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Banning specific guns won’t work, but taking them away from violent people will
I recently read your article in the March 1 Advocate (Guns Spark a New Student Movement — And a Fight for Their Lives, March 1-14, 2018). I would like to express agreement with some of your thoughts and add a little clarification. You find fault with addressing “mental health issues” because mentally ill are more likely to be victims of violence than perpetrators. Of course that is clear to all but does not excuse allowing mentally incompetent and dangerous individuals to be armed. You say if a person believes it is okay to beat spouse, children, etc…, that should render them ineligible to own or use firearms. YES. That has actually been the law for many years. The shooter in Florida was reported to police as being violent dozens of times, including holding a gun to someone’s head. You will not find a single NRA member who will think that person should have a gun. By law, the Deputy Sheriff had to prosecute, remove all guns, and enter the person in the national database so he would not ever again be able to legally buy a gun. Why did he refuse to follow those laws and let a violent person continue to possess guns? In speaking about “bump stocks,” the unpleasant truth is that, in Las Vegas, bump stocks probably saved many lives. They are an inefficient novelty item that allows someone to shoot faster that they can aim or keep the barrel stable. With the barrel constantly bouncing around a half inch in every direction the trajectory of the bullets is thrown off such that (at the 500 yard distance cited) it is quite likely that half the shots fired fell outside of the whole crowded area. How is it that “banning the AR-15” will be anything other than symbolic? Do you realize there are literally hundreds of millions of guns (of thousand of different models) that shoot as fast as the AR-15? Is another law to ban a tiny percent of guns (from lawful owners, since it doesn’t apply to those who ignore laws) going to somehow make them safer or still leave them all as “sitting ducks”? Saying a certain gun (over even all guns) should not exist does nothing to protect the lives of innocents when a deranged person breaks the law.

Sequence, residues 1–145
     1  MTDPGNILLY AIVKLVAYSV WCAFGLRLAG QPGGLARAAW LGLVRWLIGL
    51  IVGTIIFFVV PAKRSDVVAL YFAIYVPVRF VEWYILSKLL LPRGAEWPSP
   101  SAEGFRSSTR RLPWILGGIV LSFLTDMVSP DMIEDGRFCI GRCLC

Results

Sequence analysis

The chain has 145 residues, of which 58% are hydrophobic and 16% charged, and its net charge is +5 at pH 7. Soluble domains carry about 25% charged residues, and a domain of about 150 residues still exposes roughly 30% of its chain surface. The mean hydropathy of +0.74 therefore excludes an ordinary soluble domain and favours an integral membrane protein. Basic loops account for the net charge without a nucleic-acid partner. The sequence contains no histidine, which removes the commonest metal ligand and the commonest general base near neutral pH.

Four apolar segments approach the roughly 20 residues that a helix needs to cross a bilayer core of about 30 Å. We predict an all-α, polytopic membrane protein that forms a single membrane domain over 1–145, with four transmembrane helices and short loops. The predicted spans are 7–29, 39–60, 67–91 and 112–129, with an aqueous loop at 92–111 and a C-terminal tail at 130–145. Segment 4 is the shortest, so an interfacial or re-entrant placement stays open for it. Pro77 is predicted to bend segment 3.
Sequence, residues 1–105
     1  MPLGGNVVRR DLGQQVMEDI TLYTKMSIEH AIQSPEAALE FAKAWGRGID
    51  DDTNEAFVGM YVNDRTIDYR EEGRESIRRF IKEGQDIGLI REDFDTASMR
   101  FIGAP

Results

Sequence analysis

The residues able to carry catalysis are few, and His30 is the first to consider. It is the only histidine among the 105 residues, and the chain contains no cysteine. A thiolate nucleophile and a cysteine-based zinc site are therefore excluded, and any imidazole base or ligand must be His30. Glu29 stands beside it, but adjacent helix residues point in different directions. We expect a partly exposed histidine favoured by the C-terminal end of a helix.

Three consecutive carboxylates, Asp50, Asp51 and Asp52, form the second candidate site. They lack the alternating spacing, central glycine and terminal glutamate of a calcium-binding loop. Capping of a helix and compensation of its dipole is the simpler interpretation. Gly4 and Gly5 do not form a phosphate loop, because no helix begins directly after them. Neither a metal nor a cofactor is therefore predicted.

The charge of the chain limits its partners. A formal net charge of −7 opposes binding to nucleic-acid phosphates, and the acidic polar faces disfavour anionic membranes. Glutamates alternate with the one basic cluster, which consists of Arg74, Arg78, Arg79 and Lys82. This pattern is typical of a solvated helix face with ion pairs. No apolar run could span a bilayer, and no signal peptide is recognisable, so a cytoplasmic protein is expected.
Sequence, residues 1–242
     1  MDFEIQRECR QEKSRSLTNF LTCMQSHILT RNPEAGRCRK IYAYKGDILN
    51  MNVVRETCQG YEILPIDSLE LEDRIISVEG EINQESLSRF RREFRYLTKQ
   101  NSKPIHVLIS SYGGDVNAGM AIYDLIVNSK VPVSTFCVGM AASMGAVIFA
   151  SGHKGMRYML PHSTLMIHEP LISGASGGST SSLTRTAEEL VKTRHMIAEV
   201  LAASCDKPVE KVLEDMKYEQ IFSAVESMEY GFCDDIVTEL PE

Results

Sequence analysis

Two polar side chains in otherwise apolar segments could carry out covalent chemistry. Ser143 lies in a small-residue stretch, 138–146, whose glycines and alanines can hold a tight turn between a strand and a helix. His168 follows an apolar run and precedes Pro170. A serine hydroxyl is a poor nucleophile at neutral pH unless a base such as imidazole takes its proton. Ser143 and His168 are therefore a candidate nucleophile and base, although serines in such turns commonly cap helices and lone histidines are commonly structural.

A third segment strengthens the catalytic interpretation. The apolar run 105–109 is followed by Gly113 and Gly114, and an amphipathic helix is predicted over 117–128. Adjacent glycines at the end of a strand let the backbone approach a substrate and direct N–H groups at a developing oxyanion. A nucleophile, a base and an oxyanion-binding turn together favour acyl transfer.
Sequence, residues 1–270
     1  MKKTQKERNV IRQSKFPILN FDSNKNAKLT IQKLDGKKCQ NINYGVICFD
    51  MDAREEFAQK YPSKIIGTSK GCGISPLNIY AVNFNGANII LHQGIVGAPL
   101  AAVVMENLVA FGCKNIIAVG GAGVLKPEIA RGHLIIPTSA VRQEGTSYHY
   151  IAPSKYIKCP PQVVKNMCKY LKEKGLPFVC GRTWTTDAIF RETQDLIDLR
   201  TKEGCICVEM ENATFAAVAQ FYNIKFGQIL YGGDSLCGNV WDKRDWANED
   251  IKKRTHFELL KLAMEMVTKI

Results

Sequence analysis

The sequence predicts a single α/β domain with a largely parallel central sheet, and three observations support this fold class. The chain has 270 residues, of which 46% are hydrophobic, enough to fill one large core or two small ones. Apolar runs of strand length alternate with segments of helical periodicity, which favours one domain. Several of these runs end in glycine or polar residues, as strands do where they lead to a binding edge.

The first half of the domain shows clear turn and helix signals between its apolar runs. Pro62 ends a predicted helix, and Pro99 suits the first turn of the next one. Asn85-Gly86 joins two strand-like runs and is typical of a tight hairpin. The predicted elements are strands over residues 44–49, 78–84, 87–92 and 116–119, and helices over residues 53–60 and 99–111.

—Harry Vandoloski, Hadley
Bail is robbery of the poor
The Unitarian Church of Monson will be showing the film, “The Bail Trap” on Saturday, March 24th, at 7 p.m. Only two nations in the world use money bail because it is not effective. Accused individuals return for a court date at the same rate (88 percent) whether there is bail or not. It is a scheme by insurance companies to make themselves richer at the expense of poor people who cannot afford bail. The film follows the story of a promising college student who inadvertently gives a ride to two friends who do some shoplifting. She is arrested with them and her bail is set at $100,000. She must go to a bail bondsman for this amount. The charges are dropped and the bail is returned but the 10 percent fee ($10,000) is still due. She must drop out of school and work excessively to pay off this debt at $250 per week.
What other investment can deliver 10 percent in only a few days? This is robbery of the poor. The free film will be followed by discussion and refreshments. For more info call Malita at 413-596-9075.
—Malita Brown, Wilbraham
Others have worse radiation exposure than at Vermont Yankee site
In response to “Vermont Yankee transfer gaining traction with state agencies and environmental activists,” published on valleyadvocate.com on March 6, 2018.
Thank you. Very good story. Particularly good is the using the average radiation exposure to members of the public as a reference. At some time you might also use the public exposure in Ramsar, Iran, the highest natural exposure to people anywhere in the world — over 4,000 mrem a year with no adverse effects. 50,000 mrem in a short time is the exposure where just detectable physical effects are seen.
—Howard Shaffer, startup engineer at Vermont Yankee, website comment